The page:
Derrick Alridge has crisscrossed the South to interview teachers who participated in and taught during the civil rights movement.
This week, though, he invited three Charlottesville-area black educators who lived and worked through the civil rights era to discuss experiences with local teachers. While none considered themselves activists, the educators described their role in the decades surrounding the movement as “influencers” with enormous power to help children see each other as equals.
“These teachers taught through a time that experienced major upheaval,” said Alridge, a professor at the University of Virginia’s Curry School of Education. “In many ways, what we’re experiencing today is similar to what the country was facing from the 1950s to 1980s.”
Black educators Patricia Edwards, Deloris Campbell and John Gaines worked at local schools for decades. They talked with teachers about the importance of supporting coworkers and empowering children.
“I truly believe that if you are willing to step out of the box to meet children where they are, you will be a successful teacher,” Campbell said in an interview. “And if you are willing to be mentored, you will be a successful teacher.”
And while not necessarily part of the marches and protests during the civil rights and Massive Resistance eras, the educators were well aware of the various tensions of integration, segregation and racism in local schools.
“I did not consider myself part of the movement to a big degree, but I knew I was working at a school where I was the only African-American and I didn’t always have people to talk to,” Campbell said.
During interviews for Alridge’s “Teachers in the Movement” project, educators in Maryland, Virginia, Georgia, North Carolina and South Carolina consistently expressed similar views about their purpose in the classroom, he said.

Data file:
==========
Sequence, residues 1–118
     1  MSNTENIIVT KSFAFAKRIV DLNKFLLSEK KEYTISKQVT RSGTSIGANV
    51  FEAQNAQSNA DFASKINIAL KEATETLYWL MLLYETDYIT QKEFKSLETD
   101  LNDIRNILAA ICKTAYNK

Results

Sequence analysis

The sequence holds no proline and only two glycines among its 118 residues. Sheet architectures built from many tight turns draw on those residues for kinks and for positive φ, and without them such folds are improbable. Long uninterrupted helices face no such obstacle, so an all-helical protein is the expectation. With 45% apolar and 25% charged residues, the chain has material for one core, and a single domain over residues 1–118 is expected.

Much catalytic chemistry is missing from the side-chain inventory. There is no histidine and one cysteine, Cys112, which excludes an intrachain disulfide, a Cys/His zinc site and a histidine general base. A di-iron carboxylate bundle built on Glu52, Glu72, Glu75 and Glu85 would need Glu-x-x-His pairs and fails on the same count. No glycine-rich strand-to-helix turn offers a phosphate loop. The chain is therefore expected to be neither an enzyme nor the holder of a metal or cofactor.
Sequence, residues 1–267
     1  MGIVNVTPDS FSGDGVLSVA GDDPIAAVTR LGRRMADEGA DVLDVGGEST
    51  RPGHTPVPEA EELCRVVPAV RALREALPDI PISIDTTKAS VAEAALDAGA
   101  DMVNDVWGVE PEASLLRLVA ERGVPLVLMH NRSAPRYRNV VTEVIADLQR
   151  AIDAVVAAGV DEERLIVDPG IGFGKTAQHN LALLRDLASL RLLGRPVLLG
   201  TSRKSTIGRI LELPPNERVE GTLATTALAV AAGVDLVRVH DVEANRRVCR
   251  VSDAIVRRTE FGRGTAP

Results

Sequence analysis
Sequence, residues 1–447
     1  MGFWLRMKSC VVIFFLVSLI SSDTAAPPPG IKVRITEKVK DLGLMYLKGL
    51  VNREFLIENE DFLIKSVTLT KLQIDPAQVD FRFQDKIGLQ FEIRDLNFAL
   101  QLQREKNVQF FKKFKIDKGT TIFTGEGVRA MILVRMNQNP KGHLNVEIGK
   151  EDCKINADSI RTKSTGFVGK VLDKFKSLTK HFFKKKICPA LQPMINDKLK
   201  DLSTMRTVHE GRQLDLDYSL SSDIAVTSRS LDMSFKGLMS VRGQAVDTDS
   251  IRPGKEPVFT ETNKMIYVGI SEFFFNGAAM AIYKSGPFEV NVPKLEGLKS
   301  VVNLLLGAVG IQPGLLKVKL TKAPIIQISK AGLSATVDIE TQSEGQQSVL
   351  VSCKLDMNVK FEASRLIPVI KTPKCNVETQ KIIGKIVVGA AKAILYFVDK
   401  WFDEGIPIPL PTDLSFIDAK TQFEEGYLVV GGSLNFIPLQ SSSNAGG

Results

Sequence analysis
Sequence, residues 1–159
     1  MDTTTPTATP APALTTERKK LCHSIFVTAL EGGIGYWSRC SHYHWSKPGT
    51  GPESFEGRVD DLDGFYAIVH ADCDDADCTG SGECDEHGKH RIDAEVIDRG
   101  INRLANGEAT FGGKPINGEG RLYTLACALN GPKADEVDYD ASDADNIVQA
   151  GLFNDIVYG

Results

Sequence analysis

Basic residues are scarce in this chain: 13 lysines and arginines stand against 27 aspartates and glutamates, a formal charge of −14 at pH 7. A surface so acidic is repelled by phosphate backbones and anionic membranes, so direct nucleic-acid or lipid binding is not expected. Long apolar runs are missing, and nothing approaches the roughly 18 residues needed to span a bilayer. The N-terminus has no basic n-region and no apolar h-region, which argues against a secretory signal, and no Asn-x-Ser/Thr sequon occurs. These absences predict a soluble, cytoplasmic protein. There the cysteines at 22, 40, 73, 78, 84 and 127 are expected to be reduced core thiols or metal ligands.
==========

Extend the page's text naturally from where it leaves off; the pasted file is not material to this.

“They felt they were preparing their students for a better world,” Alridge said. “A world where all students would be treated equally and fairly.”
Recent efforts by local leaders also have asked teachers to learn more about local and state history during slavery, the Civil War, Reconstruction and Jim Crow. A daylong training by the Equal Justice Initiative earlier this month tried to give teachers a deeper understanding of local Ku Klux Klan, pro-slavery and white supremacist movements.
A teacher in the room said he wasn’t taught civil rights history during his own education; Alridge wasn’t shocked.
“You’d be surprised that lots of local teachers know very little about local history,” Alridge said. “I think it’s good for local teachers to hear the history of the area and learn how to teach it.”
The educators also spoke about pushing through everyday trials and stresses in the classroom and praised the support of church and family during those times. Campbell couldn’t stay out of the classroom, either — after a brief retirement in 1999, she returned to substitute teach in Charlottesville public schools.
“I just know that children perform differently when someone helps them and gives them encouragement,” Campbell said, of working with a group of boys in a special-education class on her first day as a substitute.
Other discussions throughout the week included talks on civil rights in Alabama and Georgia, using oral history in the classroom and a lecture on hip-hop. The weeklong institute was hosted by UVa’s Center on Race, Education and the South, which Alridge directs. Alridge said he hopes to hold the program each summer.